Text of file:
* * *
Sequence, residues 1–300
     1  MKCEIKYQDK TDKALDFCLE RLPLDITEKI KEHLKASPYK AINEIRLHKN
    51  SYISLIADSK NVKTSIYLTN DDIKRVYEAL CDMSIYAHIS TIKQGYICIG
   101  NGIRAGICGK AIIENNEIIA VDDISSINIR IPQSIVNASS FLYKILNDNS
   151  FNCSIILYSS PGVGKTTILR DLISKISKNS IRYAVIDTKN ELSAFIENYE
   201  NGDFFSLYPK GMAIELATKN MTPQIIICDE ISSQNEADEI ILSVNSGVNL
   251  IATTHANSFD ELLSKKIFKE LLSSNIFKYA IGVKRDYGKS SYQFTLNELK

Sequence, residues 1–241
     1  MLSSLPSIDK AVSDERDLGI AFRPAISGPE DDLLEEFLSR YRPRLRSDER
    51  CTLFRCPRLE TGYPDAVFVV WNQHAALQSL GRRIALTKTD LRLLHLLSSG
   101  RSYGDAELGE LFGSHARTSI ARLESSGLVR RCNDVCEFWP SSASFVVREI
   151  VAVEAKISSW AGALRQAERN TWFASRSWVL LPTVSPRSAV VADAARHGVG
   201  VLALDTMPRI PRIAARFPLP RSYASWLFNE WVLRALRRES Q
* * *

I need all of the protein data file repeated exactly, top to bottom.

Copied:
Sequence, residues 1–300
     1  MKCEIKYQDK TDKALDFCLE RLPLDITEKI KEHLKASPYK AINEIRLHKN
    51  SYISLIADSK NVKTSIYLTN DDIKRVYEAL CDMSIYAHIS TIKQGYICIG
   101  NGIRAGICGK AIIENNEIIA VDDISSINIR IPQSIVNASS FLYKILNDNS
   151  FNCSIILYSS PGVGKTTILR DLISKISKNS IRYAVIDTKN ELSAFIENYE
   201  NGDFFSLYPK GMAIELATKN MTPQIIICDE ISSQNEADEI ILSVNSGVNL
   251  IATTHANSFD ELLSKKIFKE LLSSNIFKYA IGVKRDYGKS SYQFTLNELK

Sequence, residues 1–241
     1  MLSSLPSIDK AVSDERDLGI AFRPAISGPE DDLLEEFLSR YRPRLRSDER
    51  CTLFRCPRLE TGYPDAVFVV WNQHAALQSL GRRIALTKTD LRLLHLLSSG
   101  RSYGDAELGE LFGSHARTSI ARLESSGLVR RCNDVCEFWP SSASFVVREI
   151  VAVEAKISSW AGALRQAERN TWFASRSWVL LPTVSPRSAV VADAARHGVG
   201  VLALDTMPRI PRIAARFPLP RSYASWLFNE WVLRALRRES Q